gre score reportSince GRE pattern was revised back in August 2011, along with the changed pattern score reporting and certain other features in the score report were changed making it easy for test taker to report the scores and select a particular score to be reported to the recipient Universities.

Considering the revised score report first, you will find the report containing following details.

Revised Test Score Report

  • Name and contact details
  • DoB and Gender
  • Social security number: if applicable
  • Intended Graduate major
  • Test details such as test date, registration number and score report print date
  • Most recent general test scores as a percentile rank individually in Verbal, Quantitative and Analytical Writing section.

GRE General Test Score Table

This is followed by your scaled GRE general test scores as per the GRE Score conversion. The table contains scores from all the tests taken so far.

For tests taken after revision the scores would be present under current pattern column while the tests taken before August 2011 will fall under the prior pattern column.

Subject Test Score Table

General test scores are followed by subject test scores table. This table contains your test date, test subject and your scores in the same.

Score Recipients Table

Next to this is the names of your free score recipients which could be selected at the time of registration or on the test day. Your report mentions the type of institution as UI for Undergraduate Institution, GI for Graduate Institution, Institution code, Department code.

A value added feature to revised score reporting is, you are free to choose a specific test date from your previous tests including the most recent one to report to the recipient Universities. This feature is added as “Score Select option” with the revision of the test pattern. Thus you can feel free on your test day to be able to choose scores from any previous date in case the current test does not turn favorable.

Interpreting your scores in the Revised GRE score report

  • The verbal and quantitative reasoning scores will fall in a range of 130-170 with one point increments. Analytical Writing section scores will fall in a range 0-6 with half point increments as was in the prior test pattern.
  • The verbal and Quantitative reasoning sections in the computer based test are section-level adaptive which means the second section that appears on your screen is based on your performance in the first section. Thus your final score reflects the number of questions answered correctly.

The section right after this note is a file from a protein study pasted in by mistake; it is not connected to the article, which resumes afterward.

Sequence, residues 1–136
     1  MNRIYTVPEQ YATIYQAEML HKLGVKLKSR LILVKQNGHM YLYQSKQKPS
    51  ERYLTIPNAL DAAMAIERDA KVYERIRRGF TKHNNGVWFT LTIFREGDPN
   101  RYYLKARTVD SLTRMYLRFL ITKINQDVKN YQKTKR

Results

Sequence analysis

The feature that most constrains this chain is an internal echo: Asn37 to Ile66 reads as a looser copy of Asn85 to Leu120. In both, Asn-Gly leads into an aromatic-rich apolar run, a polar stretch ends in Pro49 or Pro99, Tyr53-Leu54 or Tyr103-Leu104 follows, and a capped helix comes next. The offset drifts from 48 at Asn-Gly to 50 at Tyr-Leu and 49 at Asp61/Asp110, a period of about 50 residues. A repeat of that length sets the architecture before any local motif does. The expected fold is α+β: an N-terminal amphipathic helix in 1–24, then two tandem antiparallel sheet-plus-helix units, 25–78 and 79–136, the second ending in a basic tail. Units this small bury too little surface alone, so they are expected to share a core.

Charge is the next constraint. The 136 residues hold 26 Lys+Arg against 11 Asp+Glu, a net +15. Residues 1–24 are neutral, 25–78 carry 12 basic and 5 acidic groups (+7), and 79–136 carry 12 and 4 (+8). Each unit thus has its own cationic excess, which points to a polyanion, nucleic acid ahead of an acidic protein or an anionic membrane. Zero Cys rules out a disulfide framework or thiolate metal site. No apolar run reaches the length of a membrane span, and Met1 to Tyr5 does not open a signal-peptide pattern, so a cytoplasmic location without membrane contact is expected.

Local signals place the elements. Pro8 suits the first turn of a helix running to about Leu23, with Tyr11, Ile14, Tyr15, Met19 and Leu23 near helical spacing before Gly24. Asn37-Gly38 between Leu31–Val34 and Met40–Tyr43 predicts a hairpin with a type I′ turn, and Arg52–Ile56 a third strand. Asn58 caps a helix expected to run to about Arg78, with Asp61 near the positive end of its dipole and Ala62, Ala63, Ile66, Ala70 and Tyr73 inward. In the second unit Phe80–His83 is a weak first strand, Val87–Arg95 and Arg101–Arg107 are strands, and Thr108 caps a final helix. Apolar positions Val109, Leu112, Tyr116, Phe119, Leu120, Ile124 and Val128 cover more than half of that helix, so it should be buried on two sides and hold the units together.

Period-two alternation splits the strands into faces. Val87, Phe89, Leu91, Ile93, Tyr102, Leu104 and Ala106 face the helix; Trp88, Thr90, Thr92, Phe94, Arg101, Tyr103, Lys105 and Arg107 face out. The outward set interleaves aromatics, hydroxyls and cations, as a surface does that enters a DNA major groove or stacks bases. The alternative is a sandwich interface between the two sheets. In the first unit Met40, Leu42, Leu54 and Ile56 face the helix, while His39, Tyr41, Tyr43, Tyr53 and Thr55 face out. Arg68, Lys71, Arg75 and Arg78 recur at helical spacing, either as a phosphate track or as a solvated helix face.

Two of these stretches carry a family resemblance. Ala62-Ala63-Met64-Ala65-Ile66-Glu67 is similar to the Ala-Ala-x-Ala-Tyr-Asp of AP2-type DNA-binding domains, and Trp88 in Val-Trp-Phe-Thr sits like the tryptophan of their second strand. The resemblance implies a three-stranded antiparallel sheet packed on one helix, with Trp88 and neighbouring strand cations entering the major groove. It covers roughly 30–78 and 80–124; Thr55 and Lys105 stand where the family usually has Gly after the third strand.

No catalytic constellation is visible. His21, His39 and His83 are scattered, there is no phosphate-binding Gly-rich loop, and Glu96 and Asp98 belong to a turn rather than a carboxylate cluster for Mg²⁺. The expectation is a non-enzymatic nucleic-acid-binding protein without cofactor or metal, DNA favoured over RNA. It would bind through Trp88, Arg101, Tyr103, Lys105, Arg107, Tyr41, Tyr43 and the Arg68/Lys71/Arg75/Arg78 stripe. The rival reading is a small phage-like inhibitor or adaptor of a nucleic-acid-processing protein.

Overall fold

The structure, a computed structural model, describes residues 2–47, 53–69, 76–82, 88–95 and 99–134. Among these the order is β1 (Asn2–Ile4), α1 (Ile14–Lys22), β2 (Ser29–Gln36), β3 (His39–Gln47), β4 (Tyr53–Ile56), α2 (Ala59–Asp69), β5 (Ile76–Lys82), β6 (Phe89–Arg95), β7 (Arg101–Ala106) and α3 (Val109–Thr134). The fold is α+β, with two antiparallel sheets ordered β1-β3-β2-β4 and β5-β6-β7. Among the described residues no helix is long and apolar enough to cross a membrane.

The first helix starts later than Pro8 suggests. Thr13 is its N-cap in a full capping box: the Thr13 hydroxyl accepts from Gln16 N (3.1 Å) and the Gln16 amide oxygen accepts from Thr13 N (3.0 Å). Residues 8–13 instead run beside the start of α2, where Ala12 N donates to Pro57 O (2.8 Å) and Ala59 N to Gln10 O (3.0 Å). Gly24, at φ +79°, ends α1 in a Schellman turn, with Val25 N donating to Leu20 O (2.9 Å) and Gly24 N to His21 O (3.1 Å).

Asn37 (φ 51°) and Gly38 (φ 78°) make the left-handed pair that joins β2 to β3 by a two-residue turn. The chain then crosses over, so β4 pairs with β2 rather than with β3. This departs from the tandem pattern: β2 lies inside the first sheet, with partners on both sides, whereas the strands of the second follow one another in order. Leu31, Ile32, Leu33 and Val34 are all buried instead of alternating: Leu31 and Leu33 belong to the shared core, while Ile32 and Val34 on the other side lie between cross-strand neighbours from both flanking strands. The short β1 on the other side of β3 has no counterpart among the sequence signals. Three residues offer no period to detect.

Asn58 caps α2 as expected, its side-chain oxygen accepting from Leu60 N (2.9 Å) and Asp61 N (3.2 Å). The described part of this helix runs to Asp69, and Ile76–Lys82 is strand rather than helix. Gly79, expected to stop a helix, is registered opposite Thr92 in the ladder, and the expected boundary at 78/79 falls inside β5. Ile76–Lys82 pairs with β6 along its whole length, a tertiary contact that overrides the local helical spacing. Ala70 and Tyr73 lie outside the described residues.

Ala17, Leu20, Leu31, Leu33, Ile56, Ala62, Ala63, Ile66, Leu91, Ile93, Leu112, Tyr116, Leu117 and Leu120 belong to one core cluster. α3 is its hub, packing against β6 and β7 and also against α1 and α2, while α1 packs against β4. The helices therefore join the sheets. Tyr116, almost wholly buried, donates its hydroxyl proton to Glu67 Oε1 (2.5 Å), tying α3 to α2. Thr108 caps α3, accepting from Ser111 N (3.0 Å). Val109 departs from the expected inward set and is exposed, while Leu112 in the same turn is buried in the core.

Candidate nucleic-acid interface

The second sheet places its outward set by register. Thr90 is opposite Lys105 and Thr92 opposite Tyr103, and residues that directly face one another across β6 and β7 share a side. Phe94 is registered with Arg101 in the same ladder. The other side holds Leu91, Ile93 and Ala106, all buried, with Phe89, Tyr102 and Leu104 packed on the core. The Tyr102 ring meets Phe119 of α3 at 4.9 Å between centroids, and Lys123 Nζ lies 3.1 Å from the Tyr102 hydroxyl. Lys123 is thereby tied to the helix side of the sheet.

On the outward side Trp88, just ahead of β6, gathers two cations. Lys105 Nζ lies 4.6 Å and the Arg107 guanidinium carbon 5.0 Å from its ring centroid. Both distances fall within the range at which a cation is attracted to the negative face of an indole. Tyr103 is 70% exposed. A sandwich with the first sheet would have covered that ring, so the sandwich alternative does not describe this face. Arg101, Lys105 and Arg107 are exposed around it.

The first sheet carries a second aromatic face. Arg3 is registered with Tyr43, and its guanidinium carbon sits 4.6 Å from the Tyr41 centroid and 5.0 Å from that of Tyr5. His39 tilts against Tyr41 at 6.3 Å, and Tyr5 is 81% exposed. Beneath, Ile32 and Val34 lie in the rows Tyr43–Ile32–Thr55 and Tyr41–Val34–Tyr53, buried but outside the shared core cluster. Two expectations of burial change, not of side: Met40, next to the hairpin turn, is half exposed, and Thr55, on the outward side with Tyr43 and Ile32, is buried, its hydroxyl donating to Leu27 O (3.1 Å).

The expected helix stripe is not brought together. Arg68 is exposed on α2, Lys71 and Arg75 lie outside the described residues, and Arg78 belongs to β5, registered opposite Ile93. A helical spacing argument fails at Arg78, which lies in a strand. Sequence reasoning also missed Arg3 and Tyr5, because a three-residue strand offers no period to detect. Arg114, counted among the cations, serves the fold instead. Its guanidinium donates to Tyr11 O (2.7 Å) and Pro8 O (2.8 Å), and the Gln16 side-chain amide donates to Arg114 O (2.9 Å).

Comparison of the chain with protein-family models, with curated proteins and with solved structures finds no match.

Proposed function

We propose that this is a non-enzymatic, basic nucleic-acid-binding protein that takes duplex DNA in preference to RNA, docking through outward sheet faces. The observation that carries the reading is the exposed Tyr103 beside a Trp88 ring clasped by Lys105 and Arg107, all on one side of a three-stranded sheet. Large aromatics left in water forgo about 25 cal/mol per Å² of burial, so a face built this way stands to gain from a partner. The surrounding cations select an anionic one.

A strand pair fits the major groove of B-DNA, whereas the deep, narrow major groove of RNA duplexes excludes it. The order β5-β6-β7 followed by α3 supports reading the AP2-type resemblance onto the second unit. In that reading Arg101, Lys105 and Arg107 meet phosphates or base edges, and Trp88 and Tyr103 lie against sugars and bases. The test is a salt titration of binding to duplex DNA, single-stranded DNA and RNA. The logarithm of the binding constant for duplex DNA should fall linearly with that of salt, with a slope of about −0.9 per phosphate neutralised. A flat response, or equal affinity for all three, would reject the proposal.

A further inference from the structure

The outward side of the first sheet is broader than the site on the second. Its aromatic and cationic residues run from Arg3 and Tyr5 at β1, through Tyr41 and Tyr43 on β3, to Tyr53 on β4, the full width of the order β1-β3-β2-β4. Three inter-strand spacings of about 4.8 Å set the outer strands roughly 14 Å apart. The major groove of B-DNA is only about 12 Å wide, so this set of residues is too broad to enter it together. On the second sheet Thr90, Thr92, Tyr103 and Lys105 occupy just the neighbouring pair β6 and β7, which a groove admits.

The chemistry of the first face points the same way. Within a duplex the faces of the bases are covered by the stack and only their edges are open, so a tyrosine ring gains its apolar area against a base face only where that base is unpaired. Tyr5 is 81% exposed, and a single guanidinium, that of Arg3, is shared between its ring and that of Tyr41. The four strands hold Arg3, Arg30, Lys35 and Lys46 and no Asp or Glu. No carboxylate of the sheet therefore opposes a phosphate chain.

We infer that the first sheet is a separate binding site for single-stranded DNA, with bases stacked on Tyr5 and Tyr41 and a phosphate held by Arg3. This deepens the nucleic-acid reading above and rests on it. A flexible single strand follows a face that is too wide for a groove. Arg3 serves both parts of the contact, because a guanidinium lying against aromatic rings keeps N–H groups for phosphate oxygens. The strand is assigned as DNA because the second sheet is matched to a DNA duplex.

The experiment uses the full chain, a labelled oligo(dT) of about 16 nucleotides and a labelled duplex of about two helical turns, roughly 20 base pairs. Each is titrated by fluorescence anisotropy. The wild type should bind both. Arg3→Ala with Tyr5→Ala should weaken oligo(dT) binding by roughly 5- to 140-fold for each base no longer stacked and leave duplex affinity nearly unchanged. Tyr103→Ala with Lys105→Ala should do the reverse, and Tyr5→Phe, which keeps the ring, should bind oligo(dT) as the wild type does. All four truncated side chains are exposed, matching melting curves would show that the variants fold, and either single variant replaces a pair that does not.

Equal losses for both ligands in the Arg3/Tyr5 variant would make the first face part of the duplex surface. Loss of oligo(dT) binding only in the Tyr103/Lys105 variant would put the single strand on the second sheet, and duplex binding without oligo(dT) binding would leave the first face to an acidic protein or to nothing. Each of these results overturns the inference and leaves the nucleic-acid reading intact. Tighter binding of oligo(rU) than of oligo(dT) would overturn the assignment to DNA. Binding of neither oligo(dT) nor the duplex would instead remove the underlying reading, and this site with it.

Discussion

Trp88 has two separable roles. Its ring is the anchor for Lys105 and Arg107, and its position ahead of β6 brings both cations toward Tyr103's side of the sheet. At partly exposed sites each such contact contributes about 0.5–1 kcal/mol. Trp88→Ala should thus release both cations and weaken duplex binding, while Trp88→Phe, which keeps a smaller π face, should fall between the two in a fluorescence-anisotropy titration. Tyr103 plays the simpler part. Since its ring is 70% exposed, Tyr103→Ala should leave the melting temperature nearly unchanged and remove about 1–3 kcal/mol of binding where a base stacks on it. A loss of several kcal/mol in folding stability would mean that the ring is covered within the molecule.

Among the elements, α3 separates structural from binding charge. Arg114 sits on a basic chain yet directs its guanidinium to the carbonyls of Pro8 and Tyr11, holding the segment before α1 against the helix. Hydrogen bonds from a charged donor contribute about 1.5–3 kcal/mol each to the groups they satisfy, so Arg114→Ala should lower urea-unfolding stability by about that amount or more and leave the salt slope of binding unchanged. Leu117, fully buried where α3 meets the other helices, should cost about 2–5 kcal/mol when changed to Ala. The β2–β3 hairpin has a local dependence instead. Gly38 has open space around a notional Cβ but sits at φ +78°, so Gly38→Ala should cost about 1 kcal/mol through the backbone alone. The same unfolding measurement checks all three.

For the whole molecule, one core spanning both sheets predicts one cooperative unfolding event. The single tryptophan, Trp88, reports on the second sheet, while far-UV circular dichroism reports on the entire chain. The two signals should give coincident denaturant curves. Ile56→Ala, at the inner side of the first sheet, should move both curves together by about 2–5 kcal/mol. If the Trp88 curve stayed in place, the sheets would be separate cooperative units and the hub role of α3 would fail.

• While you take the test, based on number of correct answers you will get raw scores. These raw scores are converted to scaled scores through equating. The equating process used takes care of the minor differences in the level of difficulty among the test takers due to the sectional adaptation of the test.
  • You can not compare the scaled scores in quantitative and verbal sections as they are scaled separately. But you can use your percentile ranks to assess the relative performance in these two sections.
  • Writing section i.e. the essays are assessed by two different trained readers. In case the scores assigned by the trained readers differ by more than one point, a third reader helps overcome the discrepancy. Final score is the average of scores in the two essays.


  1. Mike on November 28, 2015 at 2:58 PM

    Is there any way at all to access very old GRE scores, i.e. from tests taken in the 1970s or ’80s?

    • Raghuram Sukumar on November 30, 2015 at 1:55 PM

      I don’t think so. Scores expire after 5 years.

      • Mike on November 30, 2015 at 2:13 PM

        Hmm…. 1973 is a bit longer than 5 years ago. LOL! Well, thanks for answering. I had a little paper from them with the scores on it (790 verbal / 780 math) which I wanted to use to encourage my niece, but the little paper has disappeared over the decades. Ahh welll…

        Thanks again!


        • Raghuram Sukumar on November 30, 2015 at 2:20 PM

          You can always retake the test 🙂

          • Mike on November 30, 2015 at 2:26 PM

            Heehee… that’s true, but at 64 years old and having a hard time finding my front door keys I kinda doubt I’d hit the 99.99 percentile again!

            LOL! Again, many thanks.


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